David Bourget (Western Ontario)
David Chalmers (ANU, NYU)
Rafael De Clercq
Jack Alan Reynolds
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British Journal for the Philosophy of Science 54 (2):297-308 (2003)
It has been claimed that certain forms of individual essentialism render the Theory of Natural Selection unable to explain why any given individual has the traits it does. Here, three reasons are offered why the Theory ought to ignore these forms of essentialism. First, the trait-distributions explained by population genetics supervene on individual-level causal links, and thus selection must have individual-level effects. Second, even if there are individuals that possess thick essences, they lie outside the domain of the Theory. Finally, the contingency of sexual reproduction suggests that essentialism is misguided in this arena. 1 The problem 2 A reprise of the controversy 3 Enter individual essences 4 How can selection not have individual-level effects? 5 Why can't we get rid of essences we don't like? 6 Is sex necessary?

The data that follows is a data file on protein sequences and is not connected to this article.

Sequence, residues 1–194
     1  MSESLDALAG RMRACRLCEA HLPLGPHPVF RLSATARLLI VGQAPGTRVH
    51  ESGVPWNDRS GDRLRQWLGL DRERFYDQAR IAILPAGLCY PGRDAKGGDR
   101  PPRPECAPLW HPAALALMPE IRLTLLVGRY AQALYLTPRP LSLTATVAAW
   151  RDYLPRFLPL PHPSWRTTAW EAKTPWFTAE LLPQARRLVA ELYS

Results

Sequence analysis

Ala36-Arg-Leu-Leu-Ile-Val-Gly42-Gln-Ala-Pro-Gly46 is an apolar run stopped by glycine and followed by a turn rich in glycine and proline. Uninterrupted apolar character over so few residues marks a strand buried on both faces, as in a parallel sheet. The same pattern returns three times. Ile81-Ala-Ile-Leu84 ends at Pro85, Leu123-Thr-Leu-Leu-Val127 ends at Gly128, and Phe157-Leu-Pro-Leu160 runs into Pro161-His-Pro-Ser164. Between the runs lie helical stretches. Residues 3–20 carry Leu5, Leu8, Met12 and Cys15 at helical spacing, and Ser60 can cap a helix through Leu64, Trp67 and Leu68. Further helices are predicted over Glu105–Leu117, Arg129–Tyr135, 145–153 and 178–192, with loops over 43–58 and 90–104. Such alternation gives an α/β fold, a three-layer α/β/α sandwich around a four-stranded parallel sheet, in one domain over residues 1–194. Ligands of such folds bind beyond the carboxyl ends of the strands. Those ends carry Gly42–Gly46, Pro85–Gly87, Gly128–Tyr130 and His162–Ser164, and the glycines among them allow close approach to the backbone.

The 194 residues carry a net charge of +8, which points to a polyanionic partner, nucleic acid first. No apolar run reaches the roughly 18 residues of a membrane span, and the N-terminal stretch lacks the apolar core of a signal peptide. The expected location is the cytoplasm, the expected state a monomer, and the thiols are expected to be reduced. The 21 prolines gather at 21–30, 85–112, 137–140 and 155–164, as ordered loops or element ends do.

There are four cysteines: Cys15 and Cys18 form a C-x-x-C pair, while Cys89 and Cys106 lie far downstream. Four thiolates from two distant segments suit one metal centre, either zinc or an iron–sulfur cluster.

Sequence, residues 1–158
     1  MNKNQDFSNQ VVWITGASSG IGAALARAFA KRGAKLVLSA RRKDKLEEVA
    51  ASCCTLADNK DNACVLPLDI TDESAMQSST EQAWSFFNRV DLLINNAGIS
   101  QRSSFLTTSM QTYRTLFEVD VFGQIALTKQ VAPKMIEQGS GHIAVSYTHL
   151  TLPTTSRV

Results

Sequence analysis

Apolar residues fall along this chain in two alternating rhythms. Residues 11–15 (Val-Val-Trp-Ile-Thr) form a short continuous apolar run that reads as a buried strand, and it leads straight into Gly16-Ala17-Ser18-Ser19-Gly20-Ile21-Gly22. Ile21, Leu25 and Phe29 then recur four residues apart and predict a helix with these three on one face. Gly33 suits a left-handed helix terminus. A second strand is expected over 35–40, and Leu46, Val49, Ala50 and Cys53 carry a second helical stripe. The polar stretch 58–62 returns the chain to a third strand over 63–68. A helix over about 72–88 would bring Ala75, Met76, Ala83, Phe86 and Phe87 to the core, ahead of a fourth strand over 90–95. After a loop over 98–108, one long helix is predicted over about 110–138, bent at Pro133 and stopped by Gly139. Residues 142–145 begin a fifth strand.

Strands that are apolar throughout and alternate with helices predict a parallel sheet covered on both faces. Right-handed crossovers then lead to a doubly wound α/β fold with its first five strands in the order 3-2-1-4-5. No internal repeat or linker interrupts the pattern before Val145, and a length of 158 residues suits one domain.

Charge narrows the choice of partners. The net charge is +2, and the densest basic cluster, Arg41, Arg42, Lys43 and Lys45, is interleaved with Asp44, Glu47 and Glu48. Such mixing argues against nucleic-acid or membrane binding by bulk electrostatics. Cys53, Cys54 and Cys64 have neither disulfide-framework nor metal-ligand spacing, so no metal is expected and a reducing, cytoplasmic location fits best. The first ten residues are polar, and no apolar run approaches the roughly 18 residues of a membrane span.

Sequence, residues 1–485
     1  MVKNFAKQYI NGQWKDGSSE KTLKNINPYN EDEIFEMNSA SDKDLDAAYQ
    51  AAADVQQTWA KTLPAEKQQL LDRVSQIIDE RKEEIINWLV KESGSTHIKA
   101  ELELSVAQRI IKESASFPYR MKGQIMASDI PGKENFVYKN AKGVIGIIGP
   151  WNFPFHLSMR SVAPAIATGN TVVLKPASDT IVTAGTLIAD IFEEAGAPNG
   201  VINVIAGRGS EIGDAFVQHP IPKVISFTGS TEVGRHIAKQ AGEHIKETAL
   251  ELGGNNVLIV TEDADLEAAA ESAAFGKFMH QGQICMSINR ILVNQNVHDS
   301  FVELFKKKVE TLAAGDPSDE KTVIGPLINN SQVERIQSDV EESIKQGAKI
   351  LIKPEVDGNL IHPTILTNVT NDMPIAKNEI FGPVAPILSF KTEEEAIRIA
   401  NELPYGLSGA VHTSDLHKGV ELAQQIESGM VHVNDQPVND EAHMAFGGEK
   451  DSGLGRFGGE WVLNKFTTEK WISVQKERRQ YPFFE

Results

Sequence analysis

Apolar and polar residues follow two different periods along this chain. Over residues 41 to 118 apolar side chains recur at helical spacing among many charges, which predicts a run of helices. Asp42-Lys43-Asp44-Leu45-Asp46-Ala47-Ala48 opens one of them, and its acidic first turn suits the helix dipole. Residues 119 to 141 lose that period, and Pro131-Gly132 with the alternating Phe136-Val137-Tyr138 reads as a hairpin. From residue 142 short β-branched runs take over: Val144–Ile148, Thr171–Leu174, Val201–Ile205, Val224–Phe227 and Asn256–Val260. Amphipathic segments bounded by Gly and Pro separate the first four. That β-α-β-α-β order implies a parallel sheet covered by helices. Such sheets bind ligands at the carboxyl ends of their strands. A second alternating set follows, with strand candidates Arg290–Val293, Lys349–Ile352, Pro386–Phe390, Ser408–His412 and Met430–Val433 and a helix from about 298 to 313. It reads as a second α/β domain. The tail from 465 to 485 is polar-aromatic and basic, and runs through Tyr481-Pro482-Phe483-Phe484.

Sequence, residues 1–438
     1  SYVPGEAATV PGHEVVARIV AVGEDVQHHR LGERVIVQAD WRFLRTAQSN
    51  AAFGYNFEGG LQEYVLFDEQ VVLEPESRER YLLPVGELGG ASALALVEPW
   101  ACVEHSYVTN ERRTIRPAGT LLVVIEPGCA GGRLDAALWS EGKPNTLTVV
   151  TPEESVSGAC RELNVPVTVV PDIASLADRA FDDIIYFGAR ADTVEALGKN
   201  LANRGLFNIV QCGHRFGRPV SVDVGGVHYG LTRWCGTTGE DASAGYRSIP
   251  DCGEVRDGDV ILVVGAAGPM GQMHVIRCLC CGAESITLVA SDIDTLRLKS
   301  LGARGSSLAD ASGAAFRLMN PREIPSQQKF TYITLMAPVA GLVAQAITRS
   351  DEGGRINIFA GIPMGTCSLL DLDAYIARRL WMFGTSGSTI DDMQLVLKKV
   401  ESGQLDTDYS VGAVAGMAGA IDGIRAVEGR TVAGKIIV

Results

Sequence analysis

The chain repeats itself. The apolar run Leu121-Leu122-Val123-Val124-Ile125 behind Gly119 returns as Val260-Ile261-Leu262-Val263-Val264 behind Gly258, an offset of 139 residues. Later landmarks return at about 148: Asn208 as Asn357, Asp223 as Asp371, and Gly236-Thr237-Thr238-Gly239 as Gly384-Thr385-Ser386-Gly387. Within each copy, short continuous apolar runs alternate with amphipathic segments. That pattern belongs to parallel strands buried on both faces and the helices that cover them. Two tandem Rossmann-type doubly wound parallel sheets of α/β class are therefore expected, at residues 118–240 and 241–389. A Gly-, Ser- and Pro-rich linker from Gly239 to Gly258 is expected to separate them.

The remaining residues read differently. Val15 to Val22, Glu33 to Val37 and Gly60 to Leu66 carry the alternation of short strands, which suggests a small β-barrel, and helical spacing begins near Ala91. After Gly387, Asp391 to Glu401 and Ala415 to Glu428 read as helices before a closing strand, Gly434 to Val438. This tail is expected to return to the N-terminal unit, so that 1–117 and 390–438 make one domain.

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Citations of this work BETA
Pablo Razeto-Barry & Ramiro Frick (2011). Probabilistic Causation and the Explanatory Role of Natural Selection. Studies in History and Philosophy of Science Part C 42 (3):344-355.
Jonathan Birch (2012). The Negative View of Natural Selection. Studies in History and Philosophy of Science Part C 43 (2):569-573.
Bence Nanay (2010). Population Thinking as Trope Nominalism. Synthese 177 (1):91 - 109.
Ulrich E. Stegmann (2010). What Can Natural Selection Explain? Studies in History and Philosophy of Science Part C 41 (1):61-66.
Brian McLoone (2013). Selection Explanations of Token Traits. Studies in History and Philosophy of Biological and Biomedical Sciences 44 (3):342-346.
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